Network heavy hitters to pool SDN efforts in OpenDaylight project

Cisco, VMware, HP and most other major vendors will contribute to the open-source software-defined networking group

By , IDG News Service |  Networking, SDN, Software-Defined Networking

Software developed under OpenDaylight will be distributed under the Eclipse Public License. Despite the Linux Foundation's involvement, development will not be limited to Linux-based software.

OpenDaylight will develop a collection of technologies, including a controller, the component that provides centralized control of network equipment in an SDN. Its controller will include interfaces to network-aware applications such as cloud management tools, as well as to switches and other hardware within the network. The project will also create applications, virtual overlay network software, and other components, Zemlin said.

Building a common foundation is crucial to SDN's success, according to analyst Mike Spanbauer of Current Analysis. Without it, enterprises and service providers are limited in how much they can simplify management across their networks, which in most cases contain equipment from more than one vendor, he said. In addition, developers of third-party software have to work with each networking vendor separately, which raises their costs and keeps some developers out, Spanbauer said.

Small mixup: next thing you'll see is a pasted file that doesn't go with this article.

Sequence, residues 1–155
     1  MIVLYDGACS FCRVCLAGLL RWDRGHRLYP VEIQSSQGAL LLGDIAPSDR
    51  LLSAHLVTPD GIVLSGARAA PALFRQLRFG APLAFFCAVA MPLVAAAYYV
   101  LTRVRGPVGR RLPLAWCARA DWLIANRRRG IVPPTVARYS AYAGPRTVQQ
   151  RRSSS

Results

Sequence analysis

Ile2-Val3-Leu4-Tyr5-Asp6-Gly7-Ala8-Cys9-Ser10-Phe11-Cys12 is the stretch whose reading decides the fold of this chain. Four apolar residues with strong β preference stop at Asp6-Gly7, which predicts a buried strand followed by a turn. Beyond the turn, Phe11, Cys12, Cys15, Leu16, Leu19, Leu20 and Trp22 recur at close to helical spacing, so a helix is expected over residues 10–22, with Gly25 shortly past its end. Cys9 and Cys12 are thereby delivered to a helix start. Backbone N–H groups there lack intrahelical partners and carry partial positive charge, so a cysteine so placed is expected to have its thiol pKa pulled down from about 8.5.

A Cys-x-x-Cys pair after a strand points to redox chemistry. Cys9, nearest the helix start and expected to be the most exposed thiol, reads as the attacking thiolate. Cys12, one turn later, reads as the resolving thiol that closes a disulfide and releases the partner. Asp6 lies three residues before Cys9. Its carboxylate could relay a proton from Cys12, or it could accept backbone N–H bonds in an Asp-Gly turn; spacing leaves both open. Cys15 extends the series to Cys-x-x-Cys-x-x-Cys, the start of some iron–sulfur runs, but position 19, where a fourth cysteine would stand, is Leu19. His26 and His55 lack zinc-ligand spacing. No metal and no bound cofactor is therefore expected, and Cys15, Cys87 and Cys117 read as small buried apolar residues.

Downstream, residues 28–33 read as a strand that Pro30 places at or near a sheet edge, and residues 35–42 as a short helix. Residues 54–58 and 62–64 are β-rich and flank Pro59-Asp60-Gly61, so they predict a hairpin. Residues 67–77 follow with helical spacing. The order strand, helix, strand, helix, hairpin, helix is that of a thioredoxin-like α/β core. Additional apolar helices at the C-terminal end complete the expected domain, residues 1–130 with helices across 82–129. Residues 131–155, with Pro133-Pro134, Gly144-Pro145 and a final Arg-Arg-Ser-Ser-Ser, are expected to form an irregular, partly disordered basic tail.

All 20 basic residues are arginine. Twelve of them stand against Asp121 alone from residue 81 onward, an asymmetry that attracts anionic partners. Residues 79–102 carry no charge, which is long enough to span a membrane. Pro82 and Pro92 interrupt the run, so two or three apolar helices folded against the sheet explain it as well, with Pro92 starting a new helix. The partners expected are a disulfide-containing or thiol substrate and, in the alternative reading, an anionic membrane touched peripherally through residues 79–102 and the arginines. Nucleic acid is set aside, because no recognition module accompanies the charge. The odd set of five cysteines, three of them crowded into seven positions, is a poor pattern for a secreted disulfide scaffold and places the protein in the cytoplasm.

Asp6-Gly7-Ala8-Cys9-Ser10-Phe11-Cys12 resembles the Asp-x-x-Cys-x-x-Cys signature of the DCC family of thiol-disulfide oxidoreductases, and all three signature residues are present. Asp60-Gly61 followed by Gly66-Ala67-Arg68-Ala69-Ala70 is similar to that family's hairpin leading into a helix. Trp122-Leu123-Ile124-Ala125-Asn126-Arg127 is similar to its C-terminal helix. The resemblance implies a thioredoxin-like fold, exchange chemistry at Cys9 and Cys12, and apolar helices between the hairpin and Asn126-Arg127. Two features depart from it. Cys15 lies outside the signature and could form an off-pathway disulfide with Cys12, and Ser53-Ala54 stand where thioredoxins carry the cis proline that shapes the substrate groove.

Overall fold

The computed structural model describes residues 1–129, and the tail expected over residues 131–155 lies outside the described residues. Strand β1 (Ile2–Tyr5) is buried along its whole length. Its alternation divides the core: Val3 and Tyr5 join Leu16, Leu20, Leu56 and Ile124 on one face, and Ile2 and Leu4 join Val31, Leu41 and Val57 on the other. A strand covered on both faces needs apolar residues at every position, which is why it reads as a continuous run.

For example, SDN could allow an application accelerator to make changes to the switches in a network to speed up performance, Spanbauer said. But today, that couldn't happen unless the accelerator and switch were made by the same vendor or there was software written specifically to work between those products, he said. A cross-vendor SDN platform could open up the field to more outside developers.

Spanbauer believes the participating vendors are committed to OpenDaylight. The membership requirements seem to guarantee that: In addition to financial contributions, Platinum members have to contribute the equivalent of 10 full-time engineers to the project, and Gold members have to contribute three engineers.

"Everybody would like to see something like this work," Spanbauer said. "The question is, how much of the innovation will they be contributing back to the open-source component versus keeping to themselves as secret sauce?"

Another unanswered question is how IT managers charged with buying network gear, some of whom are still trying to understand SDN, will get their heads around yet another acronym, he said: "It may dilute the energy some."

Stephen Lawson covers mobile, storage and networking technologies for The IDG News Service. Follow Stephen on Twitter at @sdlawsonmedia. Stephen's e-mail address is stephen_lawson@idg.com

Join us:
Facebook

Twitter

Pinterest

Tumblr

LinkedIn

Google+

Answers - Powered by ITworld

Join us:
Facebook

Twitter

Pinterest

Tumblr

LinkedIn

Google+

Ask a Question